Packing for Mars

I love Mary Roach’s books, Stiff, Spook, and Bonk. I’m a bit surprised she broke her one syllable book title pattern. But Pack doesn’t have the same allure.

I love her books because they mix science with stuff that is funny and stuff that is gross with stuff that makes you think about what it means to be human. Stiff is about how humans have researched death and dead bodies, Spook is about how we have tried to research the paranormal and Bonk is about researching sex. So, Packing for Mars is about the research that will get us to Mars.

It is also a lot about getting to the bathroom, don’t be fooled! This is the thing about Mary Roach: one chapter she can be talking about how much beans you have to eat to fill up a Coke can worth of flatulence (well, it is worth considering if you are going to be eating beans in a space shuttle) and the next she is trying to describe the feeling of holding a chunk of Mars in your hand.  Because that’s the thing about space – it is lofty and fancy and something that only a very clever species could achieve, but to get there we have to admit to the fact that we are a bunch of smelly animals.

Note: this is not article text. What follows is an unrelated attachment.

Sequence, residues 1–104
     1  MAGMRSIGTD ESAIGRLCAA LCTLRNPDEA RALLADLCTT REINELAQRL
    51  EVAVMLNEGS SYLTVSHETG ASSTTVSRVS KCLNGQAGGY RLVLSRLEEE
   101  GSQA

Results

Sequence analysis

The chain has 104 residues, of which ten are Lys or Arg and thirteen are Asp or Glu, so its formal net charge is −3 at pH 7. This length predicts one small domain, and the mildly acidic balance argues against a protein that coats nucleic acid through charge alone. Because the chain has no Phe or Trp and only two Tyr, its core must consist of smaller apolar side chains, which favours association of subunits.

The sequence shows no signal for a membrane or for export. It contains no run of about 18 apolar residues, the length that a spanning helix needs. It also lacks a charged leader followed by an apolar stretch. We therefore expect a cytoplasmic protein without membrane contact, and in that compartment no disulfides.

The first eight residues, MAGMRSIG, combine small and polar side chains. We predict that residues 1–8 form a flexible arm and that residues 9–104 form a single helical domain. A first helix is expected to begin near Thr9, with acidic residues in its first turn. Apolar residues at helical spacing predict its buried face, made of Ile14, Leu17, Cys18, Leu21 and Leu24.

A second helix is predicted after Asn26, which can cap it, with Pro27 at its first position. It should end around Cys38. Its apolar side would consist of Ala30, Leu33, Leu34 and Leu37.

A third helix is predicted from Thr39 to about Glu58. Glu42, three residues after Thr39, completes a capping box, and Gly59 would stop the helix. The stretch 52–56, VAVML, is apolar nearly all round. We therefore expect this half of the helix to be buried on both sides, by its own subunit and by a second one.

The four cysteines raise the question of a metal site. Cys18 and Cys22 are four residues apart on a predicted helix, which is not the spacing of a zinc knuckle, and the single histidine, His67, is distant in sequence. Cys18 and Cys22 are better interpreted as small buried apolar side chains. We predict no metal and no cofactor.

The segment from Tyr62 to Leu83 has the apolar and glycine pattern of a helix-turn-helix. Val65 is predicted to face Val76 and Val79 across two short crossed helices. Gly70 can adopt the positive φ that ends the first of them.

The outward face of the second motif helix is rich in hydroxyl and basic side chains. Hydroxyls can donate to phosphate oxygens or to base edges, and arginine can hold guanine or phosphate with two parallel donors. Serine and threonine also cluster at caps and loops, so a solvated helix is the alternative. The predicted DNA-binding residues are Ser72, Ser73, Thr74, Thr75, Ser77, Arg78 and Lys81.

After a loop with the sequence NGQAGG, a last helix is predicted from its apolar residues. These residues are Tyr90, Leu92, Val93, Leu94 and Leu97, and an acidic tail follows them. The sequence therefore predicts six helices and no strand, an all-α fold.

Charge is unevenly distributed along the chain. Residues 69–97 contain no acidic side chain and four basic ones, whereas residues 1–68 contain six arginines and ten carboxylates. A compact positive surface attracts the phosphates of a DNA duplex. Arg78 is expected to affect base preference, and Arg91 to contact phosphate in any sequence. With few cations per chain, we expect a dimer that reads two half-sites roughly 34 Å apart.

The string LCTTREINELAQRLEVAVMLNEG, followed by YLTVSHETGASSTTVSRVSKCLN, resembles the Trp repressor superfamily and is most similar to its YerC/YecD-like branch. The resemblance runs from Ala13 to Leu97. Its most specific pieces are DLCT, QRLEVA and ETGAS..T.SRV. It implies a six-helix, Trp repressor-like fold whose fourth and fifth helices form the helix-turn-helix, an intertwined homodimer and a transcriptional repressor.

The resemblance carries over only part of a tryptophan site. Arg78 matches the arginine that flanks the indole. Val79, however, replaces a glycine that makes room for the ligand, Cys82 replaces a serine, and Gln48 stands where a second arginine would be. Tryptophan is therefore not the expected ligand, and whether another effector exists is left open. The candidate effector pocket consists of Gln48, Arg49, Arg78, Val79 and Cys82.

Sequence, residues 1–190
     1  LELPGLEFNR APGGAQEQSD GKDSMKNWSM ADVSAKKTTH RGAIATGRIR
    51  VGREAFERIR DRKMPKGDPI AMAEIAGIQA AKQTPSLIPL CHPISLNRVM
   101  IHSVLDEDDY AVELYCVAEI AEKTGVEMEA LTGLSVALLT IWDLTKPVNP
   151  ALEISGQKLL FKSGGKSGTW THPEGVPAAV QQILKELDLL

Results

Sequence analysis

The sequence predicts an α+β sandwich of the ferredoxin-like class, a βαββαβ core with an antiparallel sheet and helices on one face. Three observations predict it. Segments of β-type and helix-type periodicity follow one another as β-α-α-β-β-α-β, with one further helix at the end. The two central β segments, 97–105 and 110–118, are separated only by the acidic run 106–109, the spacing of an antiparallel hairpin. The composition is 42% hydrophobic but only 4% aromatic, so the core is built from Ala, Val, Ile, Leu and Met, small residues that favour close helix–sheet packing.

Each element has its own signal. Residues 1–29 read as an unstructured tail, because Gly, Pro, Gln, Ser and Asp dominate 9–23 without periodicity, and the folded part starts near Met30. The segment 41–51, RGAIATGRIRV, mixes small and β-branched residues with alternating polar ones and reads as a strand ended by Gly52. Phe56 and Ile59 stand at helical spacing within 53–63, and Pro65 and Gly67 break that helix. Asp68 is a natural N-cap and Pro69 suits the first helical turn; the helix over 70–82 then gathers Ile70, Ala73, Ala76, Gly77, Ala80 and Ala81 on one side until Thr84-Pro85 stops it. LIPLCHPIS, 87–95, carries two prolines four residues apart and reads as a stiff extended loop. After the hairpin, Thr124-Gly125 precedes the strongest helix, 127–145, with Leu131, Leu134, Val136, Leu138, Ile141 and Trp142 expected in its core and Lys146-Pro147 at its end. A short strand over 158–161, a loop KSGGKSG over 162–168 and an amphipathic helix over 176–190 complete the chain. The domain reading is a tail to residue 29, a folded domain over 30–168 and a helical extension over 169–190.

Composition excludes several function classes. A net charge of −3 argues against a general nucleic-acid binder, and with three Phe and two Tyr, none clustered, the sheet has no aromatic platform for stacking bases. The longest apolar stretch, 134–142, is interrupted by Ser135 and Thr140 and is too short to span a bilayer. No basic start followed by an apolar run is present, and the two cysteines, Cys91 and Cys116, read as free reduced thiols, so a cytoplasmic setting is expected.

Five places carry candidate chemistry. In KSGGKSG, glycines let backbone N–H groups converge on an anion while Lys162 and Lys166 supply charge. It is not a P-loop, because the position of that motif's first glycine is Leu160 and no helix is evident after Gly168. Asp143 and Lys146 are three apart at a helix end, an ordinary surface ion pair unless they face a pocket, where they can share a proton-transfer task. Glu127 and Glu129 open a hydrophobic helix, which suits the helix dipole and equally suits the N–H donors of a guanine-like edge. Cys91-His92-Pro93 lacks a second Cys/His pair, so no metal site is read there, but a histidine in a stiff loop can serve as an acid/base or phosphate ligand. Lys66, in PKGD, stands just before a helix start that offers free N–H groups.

Space travel is an exciting land for dreamers and brilliant scientists, but it’s all wrapped up in global politics and pop culture. It’s heroic and nerdy at the same time. On the one hand, we want to go to space for no real reason, except that it’s there. But on the other hand, isn’t this yearning to reach beyond our flimsy atmosphere breathtakingly human?  In some ways, this book is a love letter for space travel, which is pertinent since NASA’s just about to lose a lot of budget. It’s an extreme adventure tale of people pushed to the brink, and also a tale of how many mundane and boring experiments it takes to adventure so extremely.

When I first started this book, I wanted to go into space RIGHT NOW. Having read it through, I’m content to wait until they have all the bathroom stuff worked out.

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